Sandy Sue was a good meat dog and after breeding her to another very good hunting dog name Coal, my wife Jean kept a black female puppy and named it Days End Coal Black Sadie which became triple titled; with MHR,“NAHRA”, MH, “AKC” and the 33rd Grand Hunting Retriever Champion, “GRHRCH”. I got even with my buddy Phillip by giving him a puppy that he named Magnum. They were a great team.
In the spring of 1990 Jean and I purchased 64 acres and while clearing around the lake Sandy was run over and died. I was devastated and depressed by the loss and it was so bad I wouldn’t even help Jean with Sadie’s training. I did not want to get attached to another dog. Finely after nearly a year had passed Jean insisted that I get another dog. She really just wanted me to throw birds for her. I said that if I got another puppy that it would be a yellow female out of M.D Houston or Marathon Man. She found a litter sired by M.D. Houston and the bitch was out of Marathon Man. Whelped July 7th, 1991, Jean bought the last female puppy of the litter sight unseen and had it delta-Dashed to Atlanta. When Jean pulled that little yellow ball of fur out of the crate it was all over for me, love at first sight. She was almost white and had the blackest little nose I’d ever seen. Jean named her Super Sue.
Super Sue was a very quick learner. By the time she was three years old, she and Coal Black Sadie had successfully completed a NAHRA Invitational and Super Sue passed the 1994 Master National thanks to Richard McDonald their trainer and mentor. By that time I knew that she was special. I also realized I didn’t have the training knowledge to take her much further than hunt test. I contacted Mike Lardy of Handjem Kennel and he invited me to bring her to his winter training grounds in Florida for evaluation. It was a tremendous experience and a turning point for Sue and I. Mike advised me to take her to Andy Attar to train for field trials which I did and at that point realized that I had stepped into a whole new world of dog training. Andy a wonderful PRO field trial trainer and teacher who showed tremendous patience with me. He said that Super Sue was easy to train, however he had reservations about me "ha ha". He also trained several of Jean and my other dogs; Grace, Maggie and Nike. I will always be thankful to him and treasure his friendship for sharing his knowledge by teaching me and being a mentor.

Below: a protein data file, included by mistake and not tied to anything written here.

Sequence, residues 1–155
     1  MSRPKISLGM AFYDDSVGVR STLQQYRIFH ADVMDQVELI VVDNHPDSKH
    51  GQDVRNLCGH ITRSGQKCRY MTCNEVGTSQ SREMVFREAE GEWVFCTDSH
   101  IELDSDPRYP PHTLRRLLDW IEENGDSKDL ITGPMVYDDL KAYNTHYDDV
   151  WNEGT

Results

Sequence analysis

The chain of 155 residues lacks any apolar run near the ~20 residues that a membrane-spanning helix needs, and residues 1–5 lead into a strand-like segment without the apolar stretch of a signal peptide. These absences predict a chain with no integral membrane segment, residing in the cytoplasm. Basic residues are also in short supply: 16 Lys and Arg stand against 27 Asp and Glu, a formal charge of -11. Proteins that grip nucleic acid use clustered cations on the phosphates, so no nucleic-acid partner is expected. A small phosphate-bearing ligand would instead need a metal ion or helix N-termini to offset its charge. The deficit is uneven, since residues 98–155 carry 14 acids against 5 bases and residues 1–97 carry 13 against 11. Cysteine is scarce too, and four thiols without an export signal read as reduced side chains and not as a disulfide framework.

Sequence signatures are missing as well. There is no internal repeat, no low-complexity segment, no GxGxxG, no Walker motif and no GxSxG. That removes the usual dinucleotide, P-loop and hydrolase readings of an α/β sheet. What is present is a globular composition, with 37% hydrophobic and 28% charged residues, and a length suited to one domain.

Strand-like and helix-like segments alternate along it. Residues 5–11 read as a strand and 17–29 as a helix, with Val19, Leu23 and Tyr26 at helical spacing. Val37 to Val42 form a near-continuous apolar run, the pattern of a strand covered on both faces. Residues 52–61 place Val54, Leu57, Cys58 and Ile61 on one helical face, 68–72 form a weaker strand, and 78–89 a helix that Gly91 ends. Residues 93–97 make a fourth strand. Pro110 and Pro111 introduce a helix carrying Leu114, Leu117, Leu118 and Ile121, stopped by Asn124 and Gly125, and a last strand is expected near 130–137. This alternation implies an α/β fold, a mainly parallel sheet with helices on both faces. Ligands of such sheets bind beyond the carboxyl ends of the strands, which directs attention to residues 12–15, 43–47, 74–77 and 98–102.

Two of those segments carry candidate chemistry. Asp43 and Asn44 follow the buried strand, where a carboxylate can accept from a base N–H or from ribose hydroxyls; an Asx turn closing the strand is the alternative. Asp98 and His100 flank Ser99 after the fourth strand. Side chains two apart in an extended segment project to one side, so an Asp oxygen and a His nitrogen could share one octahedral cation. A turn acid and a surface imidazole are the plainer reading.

In 1996 Sue turned five years old and we began running field trials. Although I had stopped running hunt test with Phillip so I could train for field trials, we continued to chase ducks and geese all over the country during hunting season. Three years later I began training with Jamie Balesdent from Canada who wintered in Leesburg, Georgia. He’d come down early November and stay later in the spring so that made it very easy and convenient for me and my dogs to train with him. I appreciate all the dog knowledge he taught me.
From 1996 to 2001 Super Sue earned 83&1/2 All Age points with the titles FC and AFC and qualified for five nationals plus a first place finish in the ESPN Great Outdoor Games in 2001. She had a litter of eight puppies including Day’s End Northern Express “Pepper” who won the 2005 Amateur National Championship Stake handled by her owner Jane Sutter. Super Sue set a standard that I strive for in every dog I train.
Sadly Phillip died of a massive heart attack October 10, 1999 while checking out a swamp for the coming duck season. I am blessed and thankful to have so many good memories of my hunting buddy and best friend. Jean and I will always be grateful to Phillip for changing our lives and us "going to the dogs”.